Teaching collections give students the opportunity to see, touch, and experience specimens up close, which is especially important in entomology since insect identification requires close inspection. To that end, we are overhauling the insect teaching collection, drawing from student collections from Field Zoology classes past and ensuring each specimen is properly identified to family. We intend to prepare teaching collections for eight major orders of insects: Coleoptera, Lepidoptera, Hymenoptera, Diptera, Orthoptera, Odonata, Homoptera, and Hemiptera.
My name is Lena Heinrich and I’m a senior Zoology major with a Plant Biology minor. In the past, I’ve done behavioral ecology research with native bees and wasps, but I now study plants and I am currently applying to go to graduate school in labs that study plant-animal interactions! In the museum, I am working with James Grant, a recent graduate from UVM, to create an insect teaching collection for entomology courses at UVM.
For many years, students have been making insect collections as a part of these classes; to create the teaching collections, we have been sifting through these old student collections as well as materials the museum already had. Working through as many orders of insects as we can, we are picking out specimens that are in good condition, identifying them to family, and organizing them into display boxes that can be taken out and passed around in classes, giving specimens that are on pins new labels. Ultimately, we would like to have as many families represented for each order as possible to give a sense of the breadth of diversity within those groups.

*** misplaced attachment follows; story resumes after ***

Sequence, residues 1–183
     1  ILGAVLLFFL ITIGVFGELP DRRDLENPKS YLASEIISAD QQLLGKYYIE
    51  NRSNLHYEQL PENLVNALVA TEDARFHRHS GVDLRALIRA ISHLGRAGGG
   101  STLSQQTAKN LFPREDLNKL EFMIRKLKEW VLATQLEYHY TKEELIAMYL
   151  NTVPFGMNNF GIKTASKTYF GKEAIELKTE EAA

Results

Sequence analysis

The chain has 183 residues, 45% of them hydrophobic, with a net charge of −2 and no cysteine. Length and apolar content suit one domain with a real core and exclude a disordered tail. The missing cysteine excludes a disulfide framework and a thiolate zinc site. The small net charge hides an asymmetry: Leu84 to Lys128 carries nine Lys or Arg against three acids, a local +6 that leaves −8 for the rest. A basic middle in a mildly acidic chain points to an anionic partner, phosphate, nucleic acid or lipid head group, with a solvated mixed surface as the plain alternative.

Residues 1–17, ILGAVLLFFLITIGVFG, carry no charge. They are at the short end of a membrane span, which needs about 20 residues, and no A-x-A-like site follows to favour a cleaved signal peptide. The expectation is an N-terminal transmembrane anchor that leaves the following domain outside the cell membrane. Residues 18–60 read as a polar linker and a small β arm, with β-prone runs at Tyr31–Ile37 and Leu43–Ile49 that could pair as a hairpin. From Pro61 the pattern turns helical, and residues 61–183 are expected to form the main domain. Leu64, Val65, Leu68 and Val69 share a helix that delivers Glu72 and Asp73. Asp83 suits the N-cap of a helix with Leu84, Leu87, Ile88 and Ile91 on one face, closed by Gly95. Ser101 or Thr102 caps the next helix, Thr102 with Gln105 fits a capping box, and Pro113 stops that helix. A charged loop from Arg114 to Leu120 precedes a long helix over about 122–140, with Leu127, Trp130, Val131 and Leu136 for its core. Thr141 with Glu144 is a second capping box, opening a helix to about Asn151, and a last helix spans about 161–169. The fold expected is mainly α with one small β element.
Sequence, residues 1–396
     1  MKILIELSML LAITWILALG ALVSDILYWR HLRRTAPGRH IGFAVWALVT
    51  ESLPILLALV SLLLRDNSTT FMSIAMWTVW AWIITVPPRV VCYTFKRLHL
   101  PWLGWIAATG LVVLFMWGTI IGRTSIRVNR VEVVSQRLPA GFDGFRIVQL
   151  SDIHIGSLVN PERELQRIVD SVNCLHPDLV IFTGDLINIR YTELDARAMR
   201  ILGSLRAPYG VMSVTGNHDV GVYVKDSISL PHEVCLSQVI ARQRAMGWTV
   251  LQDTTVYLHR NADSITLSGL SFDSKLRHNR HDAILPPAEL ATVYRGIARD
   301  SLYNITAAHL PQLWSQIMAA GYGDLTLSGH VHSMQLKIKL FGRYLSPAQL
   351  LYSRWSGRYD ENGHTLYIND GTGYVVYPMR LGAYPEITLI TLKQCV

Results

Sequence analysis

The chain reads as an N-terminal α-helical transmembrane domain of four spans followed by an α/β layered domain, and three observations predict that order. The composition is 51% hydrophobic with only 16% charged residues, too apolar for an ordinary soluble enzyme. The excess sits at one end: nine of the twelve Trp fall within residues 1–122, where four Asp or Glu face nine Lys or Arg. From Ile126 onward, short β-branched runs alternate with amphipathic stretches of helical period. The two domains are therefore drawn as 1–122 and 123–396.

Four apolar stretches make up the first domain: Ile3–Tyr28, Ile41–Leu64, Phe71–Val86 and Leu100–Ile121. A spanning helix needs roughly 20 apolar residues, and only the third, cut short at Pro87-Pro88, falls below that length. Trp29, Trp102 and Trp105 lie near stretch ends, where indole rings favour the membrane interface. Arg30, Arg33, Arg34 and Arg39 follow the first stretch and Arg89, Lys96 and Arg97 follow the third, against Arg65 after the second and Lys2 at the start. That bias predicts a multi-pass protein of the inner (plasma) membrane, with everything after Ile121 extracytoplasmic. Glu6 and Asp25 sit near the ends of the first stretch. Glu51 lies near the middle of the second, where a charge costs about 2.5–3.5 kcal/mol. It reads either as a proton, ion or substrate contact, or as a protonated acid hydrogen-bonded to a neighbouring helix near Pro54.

I specifically worked on the Hymenoptera (bees and wasps), Lepidoptera (butterflies and moths), Odonata (dragonflies and damselflies), and Orthoptera (grasshoppers, locusts, and crickets). James is working on Diptera (flies), Hemiptera (true bugs), and Coleoptera (beetles). Hymenoptera and Lepidoptera were both very abundant in the collections, and Hymenoptera were particularly tricky to identify, so these took substantially more time. Most specimens in the teaching collection were collected in Vermont, with some boxes from South America (perhaps for a graduate student project).
This project has allowed me to develop my insect identification skills. In the future, these teaching collections will help other students gain identification skills with insects, which are notoriously difficult and often require manipulation under a microscope or with a hand lens to assess different key characteristics such as wing venation. Because of the teaching collections, many fascinating specimens will see the light of day and be used for educational purposes that otherwise would have been hidden away on shelves and in boxes in the museum—in particular, many tropical Lepidoptera and Hymenoptera that will be novel for many students in Vermont, including bullet ants, oil- and resin-collecting bees, etc. While sifting through specimens in the museum I was also able to assess the state of specimens and begin addressing different pest issues before they became too degraded. Finally, UVM’s natural history museum has a large collection of meticulously crafted framed butterflies and moths: while sorting through these specimens, I could pick out redundant specimens that lack the necessary data to be scientifically useful, allowing the museum to use them for other purposes such as decorative displays or to sell in museum fundraisers, exposing the general public to museum specimens.